One of the things that attracted me to Trinity University while I was going through the college applications process was getting personal letters from the chairs of the math and music departments telling me about their programs. Now that I see what colleges are doing these days, it all seems kind of quaint.
Forget course catalogs and colorful pamphlets. Think sex, skiing and rock 'n' roll.
When it comes to recruiting students for college, admissions officials are turning to increasingly outlandish stunts to get the attention of high schoolers. Colleges and universities are using birthday cards, ski weekends and even reality TV shows to get an edge.
Personal contact with students is in. Indiscriminate mass mailings are out.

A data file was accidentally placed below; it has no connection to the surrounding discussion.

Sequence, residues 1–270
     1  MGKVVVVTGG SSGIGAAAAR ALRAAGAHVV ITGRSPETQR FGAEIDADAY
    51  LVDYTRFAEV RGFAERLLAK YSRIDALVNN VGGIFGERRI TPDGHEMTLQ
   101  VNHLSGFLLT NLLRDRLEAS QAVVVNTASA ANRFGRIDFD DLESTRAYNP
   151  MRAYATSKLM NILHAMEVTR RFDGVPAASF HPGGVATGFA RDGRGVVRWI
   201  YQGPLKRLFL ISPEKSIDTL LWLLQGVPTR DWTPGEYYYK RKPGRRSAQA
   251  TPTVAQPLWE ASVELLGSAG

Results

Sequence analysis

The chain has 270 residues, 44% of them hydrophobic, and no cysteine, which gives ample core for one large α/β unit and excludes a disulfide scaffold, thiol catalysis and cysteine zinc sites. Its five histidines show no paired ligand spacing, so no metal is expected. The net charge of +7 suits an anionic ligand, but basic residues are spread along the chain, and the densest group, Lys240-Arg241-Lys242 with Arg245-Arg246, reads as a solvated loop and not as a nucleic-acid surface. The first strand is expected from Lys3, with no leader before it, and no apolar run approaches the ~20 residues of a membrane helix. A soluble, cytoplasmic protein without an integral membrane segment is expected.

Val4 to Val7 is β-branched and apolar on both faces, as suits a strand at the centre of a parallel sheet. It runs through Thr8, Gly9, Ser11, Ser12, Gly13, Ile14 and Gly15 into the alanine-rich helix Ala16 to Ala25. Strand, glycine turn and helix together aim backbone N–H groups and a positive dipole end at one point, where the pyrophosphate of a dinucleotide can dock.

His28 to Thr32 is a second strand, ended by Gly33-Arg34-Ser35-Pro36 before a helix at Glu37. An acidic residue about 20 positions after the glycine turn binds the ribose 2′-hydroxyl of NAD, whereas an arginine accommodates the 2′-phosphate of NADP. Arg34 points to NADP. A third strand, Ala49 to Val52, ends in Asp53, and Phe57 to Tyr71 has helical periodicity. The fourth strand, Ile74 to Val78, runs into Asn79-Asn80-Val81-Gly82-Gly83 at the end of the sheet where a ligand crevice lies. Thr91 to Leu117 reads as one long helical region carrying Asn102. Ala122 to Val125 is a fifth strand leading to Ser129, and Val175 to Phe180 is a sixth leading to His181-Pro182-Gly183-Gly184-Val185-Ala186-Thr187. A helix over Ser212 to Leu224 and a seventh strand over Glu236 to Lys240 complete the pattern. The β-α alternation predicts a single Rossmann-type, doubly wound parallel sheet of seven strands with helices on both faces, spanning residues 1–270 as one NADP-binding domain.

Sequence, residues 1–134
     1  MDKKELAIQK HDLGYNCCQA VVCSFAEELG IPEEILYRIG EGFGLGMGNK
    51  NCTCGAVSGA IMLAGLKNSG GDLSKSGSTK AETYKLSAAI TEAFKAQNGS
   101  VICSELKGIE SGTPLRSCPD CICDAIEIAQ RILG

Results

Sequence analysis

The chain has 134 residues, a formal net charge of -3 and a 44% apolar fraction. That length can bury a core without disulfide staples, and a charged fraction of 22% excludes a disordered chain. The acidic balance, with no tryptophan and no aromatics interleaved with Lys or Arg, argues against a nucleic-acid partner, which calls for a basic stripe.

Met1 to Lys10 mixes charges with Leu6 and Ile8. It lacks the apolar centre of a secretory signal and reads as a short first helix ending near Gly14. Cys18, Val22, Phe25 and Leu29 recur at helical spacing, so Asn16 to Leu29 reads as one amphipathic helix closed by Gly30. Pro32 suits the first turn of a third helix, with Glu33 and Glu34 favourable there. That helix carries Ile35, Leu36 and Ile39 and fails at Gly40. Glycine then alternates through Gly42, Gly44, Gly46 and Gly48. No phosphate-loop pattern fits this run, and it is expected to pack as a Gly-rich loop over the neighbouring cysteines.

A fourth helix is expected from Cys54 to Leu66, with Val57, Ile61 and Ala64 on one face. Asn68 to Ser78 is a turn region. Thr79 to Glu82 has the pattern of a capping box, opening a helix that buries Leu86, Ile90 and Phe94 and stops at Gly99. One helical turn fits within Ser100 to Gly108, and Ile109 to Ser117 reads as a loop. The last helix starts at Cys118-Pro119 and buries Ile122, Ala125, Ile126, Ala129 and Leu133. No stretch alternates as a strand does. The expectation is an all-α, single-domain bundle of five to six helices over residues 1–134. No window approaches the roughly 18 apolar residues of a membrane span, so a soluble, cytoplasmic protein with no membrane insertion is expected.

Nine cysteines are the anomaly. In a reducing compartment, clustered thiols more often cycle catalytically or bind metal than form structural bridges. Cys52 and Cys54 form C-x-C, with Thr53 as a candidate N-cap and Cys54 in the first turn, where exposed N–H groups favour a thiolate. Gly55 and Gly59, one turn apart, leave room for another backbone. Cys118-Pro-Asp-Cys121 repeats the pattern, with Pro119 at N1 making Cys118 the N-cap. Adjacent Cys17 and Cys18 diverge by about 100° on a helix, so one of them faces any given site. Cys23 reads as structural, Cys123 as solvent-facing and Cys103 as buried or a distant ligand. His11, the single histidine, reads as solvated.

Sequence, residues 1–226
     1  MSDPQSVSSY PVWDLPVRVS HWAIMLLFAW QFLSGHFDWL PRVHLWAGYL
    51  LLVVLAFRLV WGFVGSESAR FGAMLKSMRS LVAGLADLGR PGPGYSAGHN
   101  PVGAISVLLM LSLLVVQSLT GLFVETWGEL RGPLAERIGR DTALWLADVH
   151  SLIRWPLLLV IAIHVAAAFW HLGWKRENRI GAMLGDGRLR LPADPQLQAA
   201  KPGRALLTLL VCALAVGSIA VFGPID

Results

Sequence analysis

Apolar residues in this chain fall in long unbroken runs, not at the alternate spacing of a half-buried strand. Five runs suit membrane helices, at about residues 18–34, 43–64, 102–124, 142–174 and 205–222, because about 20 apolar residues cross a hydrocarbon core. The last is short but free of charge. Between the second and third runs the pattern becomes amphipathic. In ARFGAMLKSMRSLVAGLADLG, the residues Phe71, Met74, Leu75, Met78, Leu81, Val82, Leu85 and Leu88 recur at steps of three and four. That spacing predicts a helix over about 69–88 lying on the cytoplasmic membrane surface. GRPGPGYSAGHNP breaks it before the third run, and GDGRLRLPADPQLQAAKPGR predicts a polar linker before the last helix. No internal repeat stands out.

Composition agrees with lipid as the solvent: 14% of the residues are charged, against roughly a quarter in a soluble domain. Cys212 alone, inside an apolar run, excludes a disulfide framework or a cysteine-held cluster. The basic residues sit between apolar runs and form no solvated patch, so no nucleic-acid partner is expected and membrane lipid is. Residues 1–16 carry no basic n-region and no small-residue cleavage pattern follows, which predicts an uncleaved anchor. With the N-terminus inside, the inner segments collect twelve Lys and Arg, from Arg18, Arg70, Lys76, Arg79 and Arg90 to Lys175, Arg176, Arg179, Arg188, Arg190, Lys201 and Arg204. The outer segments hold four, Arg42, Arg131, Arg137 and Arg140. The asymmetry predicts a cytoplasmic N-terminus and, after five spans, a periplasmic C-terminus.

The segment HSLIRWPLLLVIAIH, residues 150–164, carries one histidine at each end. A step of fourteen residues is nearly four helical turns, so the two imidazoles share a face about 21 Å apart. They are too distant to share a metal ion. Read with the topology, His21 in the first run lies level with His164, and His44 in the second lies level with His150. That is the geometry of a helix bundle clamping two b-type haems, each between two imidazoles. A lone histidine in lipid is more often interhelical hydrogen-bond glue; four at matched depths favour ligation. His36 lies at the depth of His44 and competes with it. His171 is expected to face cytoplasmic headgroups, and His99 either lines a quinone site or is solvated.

"Everybody's trying to do something that isn't the mundane," said Dan Kunzman, vice president of admissions at Doane College in Crete in southeast Nebraska.
But not all of the gimmicks are received with open arms.
After the University of Nebraska-Lincoln agreed to let Motley Crue drummer Tommy Lee film his reality show, Tommy Lee Goes to College, on campus, some faculty members protested. Local domestic violence and family groups also expressed concern that having the rock star representing the university may not be the best image to project. Lee spent about four months in jail after pleading no contest to kicking his then-wife, Pamela Anderson, in February 1998.
The show is tentatively scheduled to air this summer.
At Doane College, school officials apologized after receiving complaints about recruiting postcards sent to 13,500 prospective students that showed a male student surrounded by women, encouraging students to "play the field."
Meanwhile, Saint Vincent College, in Latrobe, Pa., is planning a ski trip for potential students. Between snowboarding and skiing, students will be given information about financial aid, academic programs and life at the college.